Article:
Directed by Mira Nair. India. 2002.

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Monsoon Wedding interweaves five stories of love and romance in the turmoil of a wedding being organised quickly for Adit Verma and Hermant, an engineer from Texas. 

The opening has the rogueish P.K. Dubey being called to fix a marigold archway for the wedding ceremony. Dubey and his workmen, like those everywhere in the world, are an elusive and feckless bunch. In the steamy atmosphere of the wedding preparations and the monsoon rain Dubey falls in love with the Verma’s maid, Alice. Dubey and Alice share the habit of eating marigolds. Appropriately, the marigold is the Indian wedding flower...

As the family arrives from all corners of the globe to attend the wedding in Delhi we get an insight into how cultural, and class expectations have changed even though they all try to adhere to the old traditions. The US is seen as a place that is restrictive compared to India - in the US smoking is frowned upon, one of the characters ruefully observes.

The story unravels to expose the lives of the people attending the wedding so that by the end of the movie you feel like you are one of the guests. The stories are absorbing and do not degenerate into simplistic soap opera. There is the feeling for the colour and spirit of Delhi and for the music and dance of Bollywood cinema.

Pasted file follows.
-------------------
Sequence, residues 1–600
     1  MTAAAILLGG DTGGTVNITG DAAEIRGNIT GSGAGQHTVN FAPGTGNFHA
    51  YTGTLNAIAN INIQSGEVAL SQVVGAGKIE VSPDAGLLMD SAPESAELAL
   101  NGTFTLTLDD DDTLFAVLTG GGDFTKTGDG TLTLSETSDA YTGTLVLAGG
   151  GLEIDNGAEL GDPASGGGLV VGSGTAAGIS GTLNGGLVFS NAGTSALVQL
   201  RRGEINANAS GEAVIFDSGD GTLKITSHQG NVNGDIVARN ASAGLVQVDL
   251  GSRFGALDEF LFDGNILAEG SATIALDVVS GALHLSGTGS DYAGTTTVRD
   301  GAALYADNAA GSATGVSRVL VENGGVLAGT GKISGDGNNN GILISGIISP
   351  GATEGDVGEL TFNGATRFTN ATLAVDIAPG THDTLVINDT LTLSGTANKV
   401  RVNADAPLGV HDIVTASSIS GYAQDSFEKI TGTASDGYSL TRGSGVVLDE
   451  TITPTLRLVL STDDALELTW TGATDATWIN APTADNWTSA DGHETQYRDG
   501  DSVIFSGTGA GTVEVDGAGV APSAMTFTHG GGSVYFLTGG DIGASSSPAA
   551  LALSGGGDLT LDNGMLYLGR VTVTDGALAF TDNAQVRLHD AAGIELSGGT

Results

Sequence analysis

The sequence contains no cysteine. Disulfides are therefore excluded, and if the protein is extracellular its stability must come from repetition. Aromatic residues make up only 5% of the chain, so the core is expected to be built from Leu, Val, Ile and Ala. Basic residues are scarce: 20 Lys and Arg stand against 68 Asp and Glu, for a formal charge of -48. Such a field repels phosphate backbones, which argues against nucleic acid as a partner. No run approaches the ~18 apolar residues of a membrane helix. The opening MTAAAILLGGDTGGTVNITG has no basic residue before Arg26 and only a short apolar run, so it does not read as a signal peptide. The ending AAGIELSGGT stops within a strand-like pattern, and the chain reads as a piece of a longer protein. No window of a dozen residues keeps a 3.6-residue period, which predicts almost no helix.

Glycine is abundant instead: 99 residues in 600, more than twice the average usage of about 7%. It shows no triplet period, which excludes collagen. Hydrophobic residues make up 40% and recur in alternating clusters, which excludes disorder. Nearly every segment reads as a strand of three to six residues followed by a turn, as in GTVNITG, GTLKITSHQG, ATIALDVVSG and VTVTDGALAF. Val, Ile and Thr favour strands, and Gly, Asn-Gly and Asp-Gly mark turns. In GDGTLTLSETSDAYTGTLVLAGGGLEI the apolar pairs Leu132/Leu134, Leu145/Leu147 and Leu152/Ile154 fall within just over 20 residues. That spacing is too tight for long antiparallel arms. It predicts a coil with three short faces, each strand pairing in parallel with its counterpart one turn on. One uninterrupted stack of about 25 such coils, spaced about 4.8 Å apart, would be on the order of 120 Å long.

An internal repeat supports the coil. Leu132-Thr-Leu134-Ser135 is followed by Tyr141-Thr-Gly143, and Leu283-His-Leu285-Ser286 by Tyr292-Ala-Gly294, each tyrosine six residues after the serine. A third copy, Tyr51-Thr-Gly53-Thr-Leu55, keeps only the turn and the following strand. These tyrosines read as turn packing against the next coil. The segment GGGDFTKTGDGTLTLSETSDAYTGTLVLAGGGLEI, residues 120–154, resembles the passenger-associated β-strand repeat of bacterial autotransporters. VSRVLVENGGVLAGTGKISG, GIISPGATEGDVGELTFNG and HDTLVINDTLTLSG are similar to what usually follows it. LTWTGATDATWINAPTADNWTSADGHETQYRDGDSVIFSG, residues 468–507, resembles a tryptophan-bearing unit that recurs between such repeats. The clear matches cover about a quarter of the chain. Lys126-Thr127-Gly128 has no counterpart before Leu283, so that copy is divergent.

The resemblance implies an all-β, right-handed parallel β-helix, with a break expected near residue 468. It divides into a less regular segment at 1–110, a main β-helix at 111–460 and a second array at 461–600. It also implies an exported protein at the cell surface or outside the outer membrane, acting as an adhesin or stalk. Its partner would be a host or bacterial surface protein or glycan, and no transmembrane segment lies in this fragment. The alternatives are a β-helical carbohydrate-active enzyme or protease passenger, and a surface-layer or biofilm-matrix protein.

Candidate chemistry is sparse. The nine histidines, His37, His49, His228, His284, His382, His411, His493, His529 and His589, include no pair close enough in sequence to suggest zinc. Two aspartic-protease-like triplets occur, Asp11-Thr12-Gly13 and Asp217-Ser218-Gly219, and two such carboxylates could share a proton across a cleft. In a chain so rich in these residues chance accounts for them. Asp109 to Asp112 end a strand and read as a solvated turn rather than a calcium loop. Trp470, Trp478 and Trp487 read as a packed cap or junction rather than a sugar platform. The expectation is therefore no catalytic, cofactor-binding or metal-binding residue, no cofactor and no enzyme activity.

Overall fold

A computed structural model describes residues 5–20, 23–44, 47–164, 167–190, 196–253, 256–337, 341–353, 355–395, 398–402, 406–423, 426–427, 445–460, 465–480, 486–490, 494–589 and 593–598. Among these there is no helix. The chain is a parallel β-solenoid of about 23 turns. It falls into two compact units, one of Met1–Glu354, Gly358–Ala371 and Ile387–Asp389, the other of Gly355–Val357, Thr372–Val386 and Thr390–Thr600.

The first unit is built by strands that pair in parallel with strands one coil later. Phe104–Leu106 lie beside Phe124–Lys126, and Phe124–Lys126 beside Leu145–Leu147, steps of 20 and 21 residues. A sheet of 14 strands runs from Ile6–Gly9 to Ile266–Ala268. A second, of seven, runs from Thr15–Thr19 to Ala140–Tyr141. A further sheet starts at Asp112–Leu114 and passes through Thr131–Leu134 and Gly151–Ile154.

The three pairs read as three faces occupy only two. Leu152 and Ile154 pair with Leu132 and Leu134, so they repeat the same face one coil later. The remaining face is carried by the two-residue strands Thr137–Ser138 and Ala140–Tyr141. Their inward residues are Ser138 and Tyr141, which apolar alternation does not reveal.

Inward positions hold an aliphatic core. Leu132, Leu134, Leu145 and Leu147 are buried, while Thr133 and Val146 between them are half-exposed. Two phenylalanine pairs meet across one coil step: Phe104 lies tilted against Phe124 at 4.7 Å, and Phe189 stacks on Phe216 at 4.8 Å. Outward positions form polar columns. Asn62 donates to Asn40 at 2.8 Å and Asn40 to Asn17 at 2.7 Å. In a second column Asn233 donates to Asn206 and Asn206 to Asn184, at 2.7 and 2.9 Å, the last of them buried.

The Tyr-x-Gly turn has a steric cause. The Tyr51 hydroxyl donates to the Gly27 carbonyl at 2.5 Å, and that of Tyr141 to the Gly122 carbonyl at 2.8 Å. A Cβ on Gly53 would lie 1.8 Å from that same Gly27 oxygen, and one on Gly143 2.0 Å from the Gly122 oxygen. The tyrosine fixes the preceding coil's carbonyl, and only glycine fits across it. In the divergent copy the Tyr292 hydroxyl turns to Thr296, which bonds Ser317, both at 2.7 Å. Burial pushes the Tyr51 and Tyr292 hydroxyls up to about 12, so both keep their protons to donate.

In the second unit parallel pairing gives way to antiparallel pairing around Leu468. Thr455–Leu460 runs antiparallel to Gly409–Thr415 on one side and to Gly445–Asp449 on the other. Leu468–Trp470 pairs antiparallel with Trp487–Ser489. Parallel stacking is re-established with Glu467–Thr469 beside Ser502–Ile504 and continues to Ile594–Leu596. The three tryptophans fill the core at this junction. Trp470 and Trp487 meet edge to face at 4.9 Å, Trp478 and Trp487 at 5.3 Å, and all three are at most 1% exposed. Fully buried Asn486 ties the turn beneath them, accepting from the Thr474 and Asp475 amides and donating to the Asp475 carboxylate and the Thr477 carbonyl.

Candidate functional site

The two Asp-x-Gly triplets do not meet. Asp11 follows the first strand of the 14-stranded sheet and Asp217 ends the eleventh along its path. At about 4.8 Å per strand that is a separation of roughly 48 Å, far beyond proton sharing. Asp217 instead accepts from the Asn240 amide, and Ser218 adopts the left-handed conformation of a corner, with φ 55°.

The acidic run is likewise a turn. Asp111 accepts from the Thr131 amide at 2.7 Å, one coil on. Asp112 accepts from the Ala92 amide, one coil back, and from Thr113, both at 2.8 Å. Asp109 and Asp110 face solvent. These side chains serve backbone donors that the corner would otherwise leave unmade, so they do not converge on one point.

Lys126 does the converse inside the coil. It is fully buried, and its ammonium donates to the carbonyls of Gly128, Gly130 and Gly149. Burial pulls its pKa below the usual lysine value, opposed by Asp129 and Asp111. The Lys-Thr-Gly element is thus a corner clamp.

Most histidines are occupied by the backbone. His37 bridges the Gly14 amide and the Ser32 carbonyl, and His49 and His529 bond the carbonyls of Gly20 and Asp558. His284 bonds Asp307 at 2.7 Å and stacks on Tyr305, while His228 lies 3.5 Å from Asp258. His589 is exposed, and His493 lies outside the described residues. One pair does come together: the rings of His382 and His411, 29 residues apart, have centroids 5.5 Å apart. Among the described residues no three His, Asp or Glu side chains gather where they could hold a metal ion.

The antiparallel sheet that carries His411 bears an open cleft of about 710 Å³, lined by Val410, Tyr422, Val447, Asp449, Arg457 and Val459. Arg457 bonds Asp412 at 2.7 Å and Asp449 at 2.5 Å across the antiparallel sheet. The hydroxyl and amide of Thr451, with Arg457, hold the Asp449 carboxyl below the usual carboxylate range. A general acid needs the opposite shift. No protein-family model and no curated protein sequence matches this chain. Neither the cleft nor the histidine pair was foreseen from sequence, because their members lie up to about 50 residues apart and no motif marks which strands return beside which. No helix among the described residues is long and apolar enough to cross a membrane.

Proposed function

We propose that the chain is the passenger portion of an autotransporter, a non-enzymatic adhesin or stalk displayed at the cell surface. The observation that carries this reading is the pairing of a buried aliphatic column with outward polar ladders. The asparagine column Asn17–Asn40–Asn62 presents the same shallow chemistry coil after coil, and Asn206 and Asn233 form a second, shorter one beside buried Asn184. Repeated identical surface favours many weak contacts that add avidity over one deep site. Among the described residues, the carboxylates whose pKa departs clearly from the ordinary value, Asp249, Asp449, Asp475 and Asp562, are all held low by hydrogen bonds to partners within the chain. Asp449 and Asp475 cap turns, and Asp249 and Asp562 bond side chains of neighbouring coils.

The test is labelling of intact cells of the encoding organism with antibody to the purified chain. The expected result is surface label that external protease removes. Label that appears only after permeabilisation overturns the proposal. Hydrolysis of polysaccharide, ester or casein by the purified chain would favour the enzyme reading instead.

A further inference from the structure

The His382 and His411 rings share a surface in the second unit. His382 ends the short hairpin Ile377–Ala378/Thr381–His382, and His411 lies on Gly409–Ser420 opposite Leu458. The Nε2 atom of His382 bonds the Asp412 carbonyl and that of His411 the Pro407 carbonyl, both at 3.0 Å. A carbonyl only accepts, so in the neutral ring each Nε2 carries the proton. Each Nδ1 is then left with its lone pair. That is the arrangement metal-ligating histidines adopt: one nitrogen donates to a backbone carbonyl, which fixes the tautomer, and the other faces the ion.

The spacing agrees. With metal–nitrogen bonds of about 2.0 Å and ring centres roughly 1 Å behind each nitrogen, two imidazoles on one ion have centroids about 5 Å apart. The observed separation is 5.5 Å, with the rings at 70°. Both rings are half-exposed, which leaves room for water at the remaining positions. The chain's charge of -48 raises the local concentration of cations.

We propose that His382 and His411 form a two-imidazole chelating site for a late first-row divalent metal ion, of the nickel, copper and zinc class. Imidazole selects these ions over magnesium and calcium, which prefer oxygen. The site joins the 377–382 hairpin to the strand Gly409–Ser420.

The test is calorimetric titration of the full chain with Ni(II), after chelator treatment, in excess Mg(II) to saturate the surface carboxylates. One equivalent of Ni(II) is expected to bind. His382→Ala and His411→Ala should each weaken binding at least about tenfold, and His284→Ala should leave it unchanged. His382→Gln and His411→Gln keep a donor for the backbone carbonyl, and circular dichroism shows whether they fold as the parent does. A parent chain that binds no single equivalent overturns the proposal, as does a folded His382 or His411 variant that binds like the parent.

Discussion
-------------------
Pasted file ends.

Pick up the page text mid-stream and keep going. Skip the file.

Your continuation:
Mira Nair makes the film look free-flowing and natural yet this is a sophisticated film that even when dwelling on everyday things draws your attention (for example, the colour, texture and composition of the Verma’s driveway).  We can see the influence of her documentary film-making on this story in the way she uses hand-held cameras to involve the viewer more intimately with the characters, and action.

The is the sort of film that could easily have sunk into pretentious introspection or crowd-pleasing soap opera, Mira navigates these hazards to deliver a message of love for India, family and romance.

Nigel Watson
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